Books & the Arts

The Rise of Adjunct Lit

How a bleak future in and out of the academy has produced a new kind of campus novel.

Maggie Doherty

Richard Wright’s Lost Novel

In The Man Who Lived Underground, Wright offers a gothic tale of police violence and urban surrealism.

Elias Rodriques

Yi Sang’s Global Poetry

Through his synthetic and surrealist style, the Korean poet helped chart an alternate path of internationalism in an age of empire.

E. Tammy Kim

From the Magazine

Joe From Scranton

Since Biden has taken office, he has signed a wide array of legislation into law. But once the more immediate emergencies have passed, will he have the will and desire to enact a set of more radical and permanent policies? 

Kim Phillips-Fein

Pharoah Sanders’s Grand Return

A new collaboration with electronic producer Floating Points has led to a modern-day masterpiece for the jazz master.

Marcus J. Moore

The Entwined History of Freedom and Racism

In White Freedom, historian Tyler Stovall examines how liberty for some has always entailed a lack of liberty for many others.  

Olúfémi O. Táíwò

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Best of Books & the Arts

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Literary Criticism

Can the Novel Document the Present in Real Time?

Ali Smith’s Seasonal Quartet is an experiment in novel writing that closely tracks and analyzes the news as it happens.

Rumaan Alam

Elena Ferrante’s Class Dramas

Her latest novel, The Lying Life of Adults, mines the contradictions of class identity.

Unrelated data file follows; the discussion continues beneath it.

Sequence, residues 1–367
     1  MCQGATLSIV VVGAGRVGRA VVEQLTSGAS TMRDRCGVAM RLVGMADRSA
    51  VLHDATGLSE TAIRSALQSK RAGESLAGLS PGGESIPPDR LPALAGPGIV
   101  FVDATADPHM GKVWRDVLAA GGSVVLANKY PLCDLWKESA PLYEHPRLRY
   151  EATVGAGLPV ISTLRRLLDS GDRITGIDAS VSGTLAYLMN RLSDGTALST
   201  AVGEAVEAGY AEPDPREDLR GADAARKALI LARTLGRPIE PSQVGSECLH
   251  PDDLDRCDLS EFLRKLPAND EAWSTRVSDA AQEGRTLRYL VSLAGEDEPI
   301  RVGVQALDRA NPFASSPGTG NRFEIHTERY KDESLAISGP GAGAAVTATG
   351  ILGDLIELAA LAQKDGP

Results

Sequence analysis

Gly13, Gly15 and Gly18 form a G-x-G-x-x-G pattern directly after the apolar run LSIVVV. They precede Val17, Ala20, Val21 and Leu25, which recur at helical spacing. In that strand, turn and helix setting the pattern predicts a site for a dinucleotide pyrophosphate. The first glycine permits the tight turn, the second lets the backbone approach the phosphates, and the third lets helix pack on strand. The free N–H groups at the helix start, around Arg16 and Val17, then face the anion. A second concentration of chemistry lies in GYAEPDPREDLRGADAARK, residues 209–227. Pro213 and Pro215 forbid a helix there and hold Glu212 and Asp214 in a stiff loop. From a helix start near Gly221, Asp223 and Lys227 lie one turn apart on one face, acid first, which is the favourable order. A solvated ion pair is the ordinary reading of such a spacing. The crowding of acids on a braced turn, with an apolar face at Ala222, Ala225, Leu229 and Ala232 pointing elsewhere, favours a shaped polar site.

Jennifer Wilson

Kazuo Ishiguro at the End of the End of History

In his new novel Klara and the Sun, the British novelist offers us a narrative as much about our own world as about any imagined future.

Katie Fitzpatrick

History & Politics

The Future of Postcolonial Thought

A pair of books—one by Walter Mignolo and Catherine Walsh, another by Achille Mbembe—consider the unfulfilled promise of decolonization.

Arjun Appadurai

What Comes After Meritocracy?

The long-standing focus by liberals on meritocratic advancement has isolated the working class.

Elizabeth Anderson

Ami Ayalon’s Political Journey

In Friendly Fire, the former Shin Bet director offers two narratives—one of the story that Israel tells the world, the other of the story Israel tries not to tell the world.

Raja Shehadeh


The Untold History of Freedom

A new book charts the tension between individual and collective notions of liberty.
Tyler Stovall

One of the more contentious issues to emerge during America’s Covid-19 crisis concerns the wearing of face masks. Heralded by public health experts as a vital way to halt the spread of the disease, masks have also been attacked by conservatives as unwarranted restrictions on personal freedom. Donald Trump, who… Continue Reading >

Ad Policy

Television and Films

Michael Apted’s Flawed but Brilliant Epic of British Social Life

The Up series was meant to investigate inequities of British class. It also ended up telling a different story as well.

Susan Pedersen

Judas and the Black Messiah’s Stark Binaries

A new biopic of Fred Hampton poses a question: Will a film ever capture the radical spirit of the Black Panthers?

Stephen Kearse

‘Minari’ Is a Landmark for Asian American Cinema

Lee Isaac Chung’s poignant immigrant drama is the kind of film that can be felt with all five senses. 

Kristen Yoonsoo Kim


How Silicon Valley Broke the Economy

The question of how to fix the tech industry is now inseparable from the question of how to fix the system of capitalism that the late 20th century gave us.
Adrian Chen

One of Apple cofounder Steve Jobs’s most audacious marketing triumphs is rarely mentioned in the paeans to his genius that remain a staple of business content farms. In 1982, Jobs offered to donate a computer to every K–12 school in America, provided Congress pass a bill giving Apple substantial tax… Continue Reading >


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